Required Reading, Divorce Notwithstanding

Getting a Divorce in the Sanest Way Possible

I just finished Between the World and Me, National Book Award winner Ta-Nehisi Coates’s loving and uncompromising letter to his teenage son.  It is worthy of daily broadcast on the streets and in the shopping malls of America’s towns and cities.

This is not a book review. The message of the book is so huge I wouldn’t know where to begin. What I do know is what the book prompted in me—65 year old woman considered “white,” mother of two daughters, former wife in two marriages, Southerner, divorce lawyer, politics far left of center, and deep spiritual yearnings—identities that provide the orientations in which I received Coates’s message.

I have no clever hook to relate the letter Coates wrote his son to divorce—generally the topic of this blog and which I experience daily in my work and have for myself exhausted.  I’ve just looked at what the internet yields for statistics on white versus black divorce. Various studies (their validity I will not vouch for) indicate that the black divorce rate is considerably higher than the white divorce rate. After Coates has educated me about the fallacy of race—calling it the “child of racism, not the father”—I’m hesitant to even bring up this comparison.

I’m not surprised that “black” divorce rates may be higher than “white” divorce rates. What would one expect after more than two centuries of slavery—that justice and access to it have been doled out equally in the great playing field of “whites” and “blacks”?  Certainly Americans categorized as black make up a huge underclass. The way I see it that’s not even debatable—but it doesn’t mean most Americans categorized as white have an understanding of that fact, assuming they consider it a fact at all.

Toni Morrison was right to call this book “required reading.” It will tear your heart out if you bring to it even a modicum of honesty.

Between the World and Me stretched my understanding as it opened my heart to the suffering, nobility, and awfulness of humans—on many levels and in so many forms.  With sufficient reflection and study maybe I could relate racism to divorce in some or many ways, but I don’t need to. Rather, I want to let  Coates’s insights invigorate me to greater caring and more effective deeds in my own life,  not on a grand scale, nor even on some kind of racial scale—after all, virtually all of my clients are “white.”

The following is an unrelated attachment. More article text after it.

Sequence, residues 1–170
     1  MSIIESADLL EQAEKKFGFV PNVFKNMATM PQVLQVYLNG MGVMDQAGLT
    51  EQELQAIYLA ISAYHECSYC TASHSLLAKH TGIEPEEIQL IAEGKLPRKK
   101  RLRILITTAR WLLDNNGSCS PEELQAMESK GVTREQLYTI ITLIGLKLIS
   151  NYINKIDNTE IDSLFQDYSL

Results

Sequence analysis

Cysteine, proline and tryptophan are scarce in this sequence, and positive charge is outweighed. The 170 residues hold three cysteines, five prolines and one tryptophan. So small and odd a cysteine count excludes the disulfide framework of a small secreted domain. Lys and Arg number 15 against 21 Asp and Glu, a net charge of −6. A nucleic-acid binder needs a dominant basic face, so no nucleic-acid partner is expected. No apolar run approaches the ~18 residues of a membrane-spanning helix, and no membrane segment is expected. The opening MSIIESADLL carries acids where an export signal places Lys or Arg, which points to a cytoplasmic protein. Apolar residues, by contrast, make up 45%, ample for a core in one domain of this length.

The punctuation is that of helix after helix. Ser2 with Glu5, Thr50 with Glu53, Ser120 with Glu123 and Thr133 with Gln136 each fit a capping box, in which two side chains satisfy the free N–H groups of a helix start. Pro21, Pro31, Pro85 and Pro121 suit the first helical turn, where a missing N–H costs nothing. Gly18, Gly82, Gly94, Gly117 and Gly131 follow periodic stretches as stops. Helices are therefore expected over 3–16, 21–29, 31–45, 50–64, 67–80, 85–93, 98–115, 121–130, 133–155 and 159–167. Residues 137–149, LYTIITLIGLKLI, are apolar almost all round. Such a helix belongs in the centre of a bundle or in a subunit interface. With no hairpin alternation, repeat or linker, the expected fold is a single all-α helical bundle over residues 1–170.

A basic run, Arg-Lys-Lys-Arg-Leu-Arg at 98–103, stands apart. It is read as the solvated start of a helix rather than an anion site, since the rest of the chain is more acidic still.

People come to me who suffer, act nobly, and do awful stuff—all in a day’s work of sorting out the effects of divorce.  They (mostly) and I are part of the horror Coates invites his son to look at—both because of what was done by our forefathers and foremothers and our collusion in the continuing myths that justify domination. Coates asks his son to recognize that the lives of those who believe themselves white are not more inviolable than those who are not part of that group—

When their own vulnerability becomes real—when the police decide that tactics intended for the ghetto should enjoy wider usage, when their armed society shoots down their children, when nature sends hurricanes against their cities—they are shocked in a way that those of us who were born and bred to understand cause and effect can never be.

These events may, for those who have the capacity to see clearly, turn fixed viewpoints inside out and uncover that which gives rise to privilege.  By searching with unshielded eyes for who pays so that I can be “white,” I am required to see whatever arises in my life through a wide focus lens. That broad view includes the most ordinary and the least appealing, like tasting the anguish in the life of the person with whom I am speaking.

When I see a couple who is wracked with grief over the ending of their marriage—a grief they likely will never truly share with each other—I may be seeing people who are for the first time in their lives deeply suffering. I also see people who have suffered enormously before divorce became yet another element of loss in their lives—and all those in between.  I am grateful to those who show up at my door in order to go on with their lives—as they tolerate the burden of my being with their suffering and witnessing their vulnerability—and more mundanely, helping them organize their futures.

If my livelihood were not in divorce law, would I be writing about Coates’s book in another way? Almost certainly.  I could write about it as a Southerner, as I did in my response to the film Twelve Years A Slave.  Or as a mother—Coates tells of his visit to the mother of yet another young black man gunned down by the police—such a common horror, yet nothing hackneyed about how he holds it.

The truth is that we receive awakenings—and Between the World and Me was nothing short of that for me—where we are.